Canadian miner Alamos Gold (TSX: AGI) has cut its production forecast for its flagship Mulatos gold mine in Sonora, Mexico, citing a “challenging” third quarter at the operation, which offset strong performances at the company’s other assets.
Output at the mine, Alamos Gold’s founding operation, is expected to drop by 15,000 ounces, to between 135,000 ounces to 145,000 ounces. That leaves the company with a lower consolidated guidance of 445,000 ounces to 495, 000 ounces for the year.
“The challenges at Mulatos are temporary with the operation transitioning to low-cost production from La Yaqui Grande in 2022,” president and CEO John McCluskey said in the statement.
The $137 million La Yaqui Grande project will replace higher-cost production from the main Mulatos pit, keeping combined production at approximately 150,000 ounces per year. The new pit will extend mine life to 2027.
The Mulatos mine is Alamos Gold’s founding operation, acquired for $10 million and it has produced over two million ounces of gold and generated more than $400 million in free cash flow since 2005.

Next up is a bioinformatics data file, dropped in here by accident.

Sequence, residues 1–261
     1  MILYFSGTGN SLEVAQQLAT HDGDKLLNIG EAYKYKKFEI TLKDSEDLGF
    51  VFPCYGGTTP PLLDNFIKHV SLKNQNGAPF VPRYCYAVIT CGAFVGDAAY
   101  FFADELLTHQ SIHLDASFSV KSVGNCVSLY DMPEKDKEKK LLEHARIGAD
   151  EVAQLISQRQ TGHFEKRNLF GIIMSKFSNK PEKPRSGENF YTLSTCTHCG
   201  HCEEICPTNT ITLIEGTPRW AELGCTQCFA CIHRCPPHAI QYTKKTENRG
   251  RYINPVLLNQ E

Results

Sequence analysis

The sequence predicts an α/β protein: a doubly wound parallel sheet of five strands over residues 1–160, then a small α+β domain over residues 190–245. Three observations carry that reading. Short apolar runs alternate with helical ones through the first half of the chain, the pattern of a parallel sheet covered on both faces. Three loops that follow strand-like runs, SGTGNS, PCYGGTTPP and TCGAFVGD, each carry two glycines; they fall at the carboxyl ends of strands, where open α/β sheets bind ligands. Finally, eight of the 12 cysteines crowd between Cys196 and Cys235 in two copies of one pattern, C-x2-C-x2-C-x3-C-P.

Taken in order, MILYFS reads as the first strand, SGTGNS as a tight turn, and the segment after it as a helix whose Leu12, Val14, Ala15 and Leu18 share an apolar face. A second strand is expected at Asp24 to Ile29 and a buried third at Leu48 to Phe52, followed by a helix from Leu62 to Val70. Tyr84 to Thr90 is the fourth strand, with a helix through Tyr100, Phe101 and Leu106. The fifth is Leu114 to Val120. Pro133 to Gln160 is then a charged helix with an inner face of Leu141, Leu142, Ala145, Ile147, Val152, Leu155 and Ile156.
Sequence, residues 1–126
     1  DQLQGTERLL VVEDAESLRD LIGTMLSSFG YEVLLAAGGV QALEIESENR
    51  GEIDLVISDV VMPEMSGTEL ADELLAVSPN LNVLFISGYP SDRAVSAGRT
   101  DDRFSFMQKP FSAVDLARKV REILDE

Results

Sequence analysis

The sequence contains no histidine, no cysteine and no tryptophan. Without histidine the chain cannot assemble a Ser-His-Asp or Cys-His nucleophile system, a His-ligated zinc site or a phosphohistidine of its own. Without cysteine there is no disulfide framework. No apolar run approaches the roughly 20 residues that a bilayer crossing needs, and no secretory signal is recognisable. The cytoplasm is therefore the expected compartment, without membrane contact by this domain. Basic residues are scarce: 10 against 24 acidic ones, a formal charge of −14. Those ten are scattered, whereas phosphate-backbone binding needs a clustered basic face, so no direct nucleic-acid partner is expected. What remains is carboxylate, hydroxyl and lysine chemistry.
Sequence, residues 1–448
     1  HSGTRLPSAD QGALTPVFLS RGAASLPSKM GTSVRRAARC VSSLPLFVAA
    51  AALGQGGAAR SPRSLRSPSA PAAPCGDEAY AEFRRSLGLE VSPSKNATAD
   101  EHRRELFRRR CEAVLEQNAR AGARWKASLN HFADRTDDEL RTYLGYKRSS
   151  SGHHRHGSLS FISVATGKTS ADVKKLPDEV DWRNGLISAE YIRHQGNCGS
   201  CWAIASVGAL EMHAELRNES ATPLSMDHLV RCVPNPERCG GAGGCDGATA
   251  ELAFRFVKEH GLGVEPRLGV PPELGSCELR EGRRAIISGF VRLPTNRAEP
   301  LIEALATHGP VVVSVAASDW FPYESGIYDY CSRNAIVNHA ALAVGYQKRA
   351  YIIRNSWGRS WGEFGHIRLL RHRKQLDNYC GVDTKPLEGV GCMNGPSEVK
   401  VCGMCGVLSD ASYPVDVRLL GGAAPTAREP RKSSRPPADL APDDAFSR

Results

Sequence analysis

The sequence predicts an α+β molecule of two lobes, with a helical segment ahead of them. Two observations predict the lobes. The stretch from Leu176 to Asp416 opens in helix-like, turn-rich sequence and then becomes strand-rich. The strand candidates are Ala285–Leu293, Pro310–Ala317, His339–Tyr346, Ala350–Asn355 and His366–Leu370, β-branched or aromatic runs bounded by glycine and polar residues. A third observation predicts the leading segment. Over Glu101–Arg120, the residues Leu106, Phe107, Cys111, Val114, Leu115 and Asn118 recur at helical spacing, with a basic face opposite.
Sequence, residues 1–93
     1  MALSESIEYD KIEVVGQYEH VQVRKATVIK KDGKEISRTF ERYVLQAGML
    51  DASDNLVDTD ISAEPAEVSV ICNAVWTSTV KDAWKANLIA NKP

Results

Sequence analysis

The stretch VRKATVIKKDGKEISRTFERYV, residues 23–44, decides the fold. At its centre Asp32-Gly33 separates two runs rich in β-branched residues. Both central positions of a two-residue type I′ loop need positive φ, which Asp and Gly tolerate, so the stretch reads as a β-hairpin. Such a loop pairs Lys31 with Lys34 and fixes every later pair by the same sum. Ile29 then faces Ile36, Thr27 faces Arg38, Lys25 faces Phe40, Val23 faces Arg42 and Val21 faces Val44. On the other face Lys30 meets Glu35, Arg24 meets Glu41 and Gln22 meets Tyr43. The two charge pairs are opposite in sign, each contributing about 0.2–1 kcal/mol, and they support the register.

Alamos says the operation continues to be vital to the company, despite producing only 26,700 ounces in the quarter ended September 30 — “well below” expectations.
The Toronto-based miner said an above-average rainy season in Mexico impacted stacking rates, which, together with a longer than anticipated leach cycle for stockpiled ore stacked in the quarter, impacted performance.
“With Cerro Pelon winding down, stockpiled ore will represent a larger proportion of stacked ore at Mulatos until production from La Yaqui Grande ramps up in the second half of 2022,” the company said.
Alamos is also planning key milestones at its earlier stage Esperanza gold-silver project in Mexico’s south-central Morelos state in 2021, with previous studies showing potential production at around 100,000 ounces of gold a year.
Alamos left production figures unchanged at its Young Davidson and Island Gold mines, in Canada, which are on track to churn out 190,000-205,000 ounces of gold and 130,000-145,000 ounces of the metal, respectively.